Today there are several services that allow people to quickly and efficiently resell used products online. And while platforms like eBay, Amazon and LetGo are popular places to sell everything from used furniture and clothing to electronic products, another site, RedGI, wants to allow users to resell rarely used digital music files over the Internet. The problem? That business model is against the law. After losing in district court, RedIGi appealed to the Second Circuit, where oral arguments were heard earlier this week.
The arguments focused mainly on the doctrine of the first sale, whether digital files constitute “material objects” as required for the doctrine to apply, and whether the reproduction of the sound recording is done through the distribution process on the RedGI platform. Judge Leval also opined that there is a high probability that the Supreme Court will take this case. When pressed on the issue of relative importance, Welsh referred to the London-Sire Records case, in which the court stated that “electronic files are material objects. However, as one of the judges quickly pointed out, the London-Sire court specifically states that “the electronic archive (or, perhaps more precisely, the appropriate segment of the hard drive) is a material object.
Instead, he argued that technology “moves the digital file, which, according to him, is equivalent to a material object from one computer to another. Many people are copying their CDs and sharing their MP3 files on the Internet, and many don't realize that their actions may have legal implications. For example, digital distribution allows you to store thousands of digital music files on a device that fits in your pocket and access them through several devices, whereas in the past no one carried thousands of CDs in their pocket and their ability to listen to a given CD was dependent on the physical presence of that CD. A file can be downloaded millions of times and duplicated on millions of computers, but no property has been moved.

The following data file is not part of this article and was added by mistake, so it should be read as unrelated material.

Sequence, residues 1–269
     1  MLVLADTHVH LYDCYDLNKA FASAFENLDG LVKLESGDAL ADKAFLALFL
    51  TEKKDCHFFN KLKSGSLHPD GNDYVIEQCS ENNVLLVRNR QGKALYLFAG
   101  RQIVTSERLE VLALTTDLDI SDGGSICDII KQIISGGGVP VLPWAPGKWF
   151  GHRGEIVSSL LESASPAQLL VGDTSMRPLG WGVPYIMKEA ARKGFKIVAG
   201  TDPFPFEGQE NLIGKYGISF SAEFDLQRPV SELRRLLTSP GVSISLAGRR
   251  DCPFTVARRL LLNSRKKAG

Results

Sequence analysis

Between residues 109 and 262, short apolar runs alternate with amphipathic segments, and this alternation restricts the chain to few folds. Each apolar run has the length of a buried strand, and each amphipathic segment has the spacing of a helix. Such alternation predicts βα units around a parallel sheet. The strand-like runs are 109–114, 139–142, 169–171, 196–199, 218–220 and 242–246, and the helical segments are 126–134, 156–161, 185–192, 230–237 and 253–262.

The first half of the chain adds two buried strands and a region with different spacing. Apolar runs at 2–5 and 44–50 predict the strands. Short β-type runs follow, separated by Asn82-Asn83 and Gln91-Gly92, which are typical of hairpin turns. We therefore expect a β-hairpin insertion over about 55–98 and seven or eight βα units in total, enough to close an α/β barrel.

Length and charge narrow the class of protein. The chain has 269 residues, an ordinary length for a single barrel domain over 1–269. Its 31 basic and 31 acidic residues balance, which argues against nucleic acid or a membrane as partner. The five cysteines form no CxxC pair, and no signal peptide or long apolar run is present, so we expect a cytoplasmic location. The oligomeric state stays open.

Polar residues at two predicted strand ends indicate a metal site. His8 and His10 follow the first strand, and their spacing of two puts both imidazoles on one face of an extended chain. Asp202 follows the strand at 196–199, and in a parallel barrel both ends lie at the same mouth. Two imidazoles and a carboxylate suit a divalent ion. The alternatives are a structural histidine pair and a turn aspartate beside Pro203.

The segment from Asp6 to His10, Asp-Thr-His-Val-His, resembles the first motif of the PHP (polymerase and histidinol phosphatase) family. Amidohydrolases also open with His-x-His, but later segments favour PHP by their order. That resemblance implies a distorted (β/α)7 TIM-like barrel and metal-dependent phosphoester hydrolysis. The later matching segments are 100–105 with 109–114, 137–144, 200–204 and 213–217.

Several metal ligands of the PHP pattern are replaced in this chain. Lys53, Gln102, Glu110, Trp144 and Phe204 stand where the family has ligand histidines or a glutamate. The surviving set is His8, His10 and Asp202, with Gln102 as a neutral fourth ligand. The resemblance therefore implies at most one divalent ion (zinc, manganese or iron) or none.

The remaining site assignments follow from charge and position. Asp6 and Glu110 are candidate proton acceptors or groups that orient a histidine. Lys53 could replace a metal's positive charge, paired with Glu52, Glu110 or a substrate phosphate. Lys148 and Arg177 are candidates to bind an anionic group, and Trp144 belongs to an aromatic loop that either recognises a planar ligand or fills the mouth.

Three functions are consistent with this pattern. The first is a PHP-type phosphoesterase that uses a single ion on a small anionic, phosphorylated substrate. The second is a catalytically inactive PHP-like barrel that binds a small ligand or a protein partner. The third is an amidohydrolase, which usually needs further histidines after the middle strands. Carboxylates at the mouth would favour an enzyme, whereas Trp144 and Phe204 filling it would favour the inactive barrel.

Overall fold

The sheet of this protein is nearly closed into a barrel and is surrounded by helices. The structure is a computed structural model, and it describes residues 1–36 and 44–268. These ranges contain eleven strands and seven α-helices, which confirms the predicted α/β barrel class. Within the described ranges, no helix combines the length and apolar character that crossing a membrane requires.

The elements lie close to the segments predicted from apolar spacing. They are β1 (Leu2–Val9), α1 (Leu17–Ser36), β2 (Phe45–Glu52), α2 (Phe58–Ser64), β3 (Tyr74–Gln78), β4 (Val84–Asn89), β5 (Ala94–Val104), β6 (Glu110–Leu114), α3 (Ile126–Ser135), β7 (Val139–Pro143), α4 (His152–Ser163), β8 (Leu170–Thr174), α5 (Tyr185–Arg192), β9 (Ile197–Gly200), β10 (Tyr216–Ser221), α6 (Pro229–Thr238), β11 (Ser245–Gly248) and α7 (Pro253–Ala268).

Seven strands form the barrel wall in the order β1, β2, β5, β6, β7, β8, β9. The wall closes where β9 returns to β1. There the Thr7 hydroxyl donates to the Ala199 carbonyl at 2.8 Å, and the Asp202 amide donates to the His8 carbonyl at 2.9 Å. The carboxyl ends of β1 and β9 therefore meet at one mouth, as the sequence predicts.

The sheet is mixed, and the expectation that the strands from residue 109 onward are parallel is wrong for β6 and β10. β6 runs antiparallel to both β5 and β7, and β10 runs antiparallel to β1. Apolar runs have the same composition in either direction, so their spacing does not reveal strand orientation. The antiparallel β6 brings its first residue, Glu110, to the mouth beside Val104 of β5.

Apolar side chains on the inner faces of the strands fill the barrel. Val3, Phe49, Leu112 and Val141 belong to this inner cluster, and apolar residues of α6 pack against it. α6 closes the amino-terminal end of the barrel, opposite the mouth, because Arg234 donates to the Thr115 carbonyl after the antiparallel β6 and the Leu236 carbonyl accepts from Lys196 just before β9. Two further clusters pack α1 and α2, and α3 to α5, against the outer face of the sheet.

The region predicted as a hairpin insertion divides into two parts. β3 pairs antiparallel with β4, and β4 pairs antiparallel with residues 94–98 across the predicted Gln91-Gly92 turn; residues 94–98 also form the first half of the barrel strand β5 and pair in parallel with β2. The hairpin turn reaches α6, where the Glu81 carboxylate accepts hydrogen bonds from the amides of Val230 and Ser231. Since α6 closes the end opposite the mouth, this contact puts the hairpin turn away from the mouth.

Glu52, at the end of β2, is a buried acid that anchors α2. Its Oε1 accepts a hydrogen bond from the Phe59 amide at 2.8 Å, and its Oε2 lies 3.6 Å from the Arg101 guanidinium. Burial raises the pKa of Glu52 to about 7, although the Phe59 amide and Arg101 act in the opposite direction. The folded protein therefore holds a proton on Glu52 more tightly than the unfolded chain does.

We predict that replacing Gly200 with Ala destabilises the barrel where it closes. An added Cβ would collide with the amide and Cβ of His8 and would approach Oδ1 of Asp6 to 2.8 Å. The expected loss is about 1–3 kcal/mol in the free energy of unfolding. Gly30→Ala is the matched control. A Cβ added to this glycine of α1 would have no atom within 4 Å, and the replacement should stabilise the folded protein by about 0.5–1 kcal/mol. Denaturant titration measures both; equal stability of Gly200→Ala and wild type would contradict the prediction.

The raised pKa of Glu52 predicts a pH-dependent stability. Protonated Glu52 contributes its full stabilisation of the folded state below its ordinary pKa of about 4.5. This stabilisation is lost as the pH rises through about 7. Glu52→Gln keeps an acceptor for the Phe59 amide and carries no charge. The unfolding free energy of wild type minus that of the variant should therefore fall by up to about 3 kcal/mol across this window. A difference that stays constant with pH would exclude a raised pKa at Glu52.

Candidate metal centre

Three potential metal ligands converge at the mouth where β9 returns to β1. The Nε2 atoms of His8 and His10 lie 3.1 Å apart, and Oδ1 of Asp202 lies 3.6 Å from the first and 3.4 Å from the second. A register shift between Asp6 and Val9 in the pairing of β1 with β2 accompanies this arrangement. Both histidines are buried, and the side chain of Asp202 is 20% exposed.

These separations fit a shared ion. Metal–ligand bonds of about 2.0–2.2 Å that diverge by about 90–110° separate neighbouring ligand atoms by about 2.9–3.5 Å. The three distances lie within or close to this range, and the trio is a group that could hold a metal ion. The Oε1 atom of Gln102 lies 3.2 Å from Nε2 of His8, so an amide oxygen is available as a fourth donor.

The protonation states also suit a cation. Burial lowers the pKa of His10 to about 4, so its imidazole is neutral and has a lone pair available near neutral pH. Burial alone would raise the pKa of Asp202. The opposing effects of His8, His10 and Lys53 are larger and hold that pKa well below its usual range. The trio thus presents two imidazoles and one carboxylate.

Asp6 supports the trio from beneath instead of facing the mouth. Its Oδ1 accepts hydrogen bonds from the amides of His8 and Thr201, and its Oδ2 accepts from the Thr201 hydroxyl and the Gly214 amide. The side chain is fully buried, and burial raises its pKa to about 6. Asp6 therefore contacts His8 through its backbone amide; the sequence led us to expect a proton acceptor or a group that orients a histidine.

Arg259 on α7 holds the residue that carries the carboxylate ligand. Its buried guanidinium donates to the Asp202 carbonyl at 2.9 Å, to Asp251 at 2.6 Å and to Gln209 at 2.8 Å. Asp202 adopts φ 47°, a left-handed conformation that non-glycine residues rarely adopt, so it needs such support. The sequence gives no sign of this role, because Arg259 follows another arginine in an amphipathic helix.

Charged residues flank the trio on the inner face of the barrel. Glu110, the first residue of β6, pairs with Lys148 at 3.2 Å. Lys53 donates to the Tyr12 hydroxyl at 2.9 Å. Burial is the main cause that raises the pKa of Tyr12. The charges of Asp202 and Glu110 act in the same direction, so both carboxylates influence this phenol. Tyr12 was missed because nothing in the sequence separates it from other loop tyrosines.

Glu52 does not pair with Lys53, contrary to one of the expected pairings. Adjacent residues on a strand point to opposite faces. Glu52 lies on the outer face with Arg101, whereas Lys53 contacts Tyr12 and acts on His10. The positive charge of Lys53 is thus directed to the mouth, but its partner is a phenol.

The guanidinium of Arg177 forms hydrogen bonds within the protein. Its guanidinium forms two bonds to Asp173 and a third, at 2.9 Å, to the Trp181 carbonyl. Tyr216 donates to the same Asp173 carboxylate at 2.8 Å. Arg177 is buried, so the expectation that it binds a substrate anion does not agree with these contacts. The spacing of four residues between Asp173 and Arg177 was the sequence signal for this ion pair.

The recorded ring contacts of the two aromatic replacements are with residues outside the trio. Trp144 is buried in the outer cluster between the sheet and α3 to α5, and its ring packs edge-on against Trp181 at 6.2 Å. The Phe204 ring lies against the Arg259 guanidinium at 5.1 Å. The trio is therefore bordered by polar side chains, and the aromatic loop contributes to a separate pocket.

No record company or store is being scammed, since you must be the owner of the CD before you can extract an MP3 from it. There is no discernible difference between a “used” digital music file and a “new” one, remember that these files are identical copies of the originals, and no matter how many times you listen to a music file, it remains as good as new. It's no more legal to share your MP3 collection over the Internet than to lend an album to a friend so they can copy it to tape. The funny thing is that I haven't been downloading MP3s, which the RIAA considers to be the only important reason why CD sales have dropped.
In addition, you can legally copy the music you own, such as making a cassette tape from an LP or CD, or copying MP3 files to play on your iPod.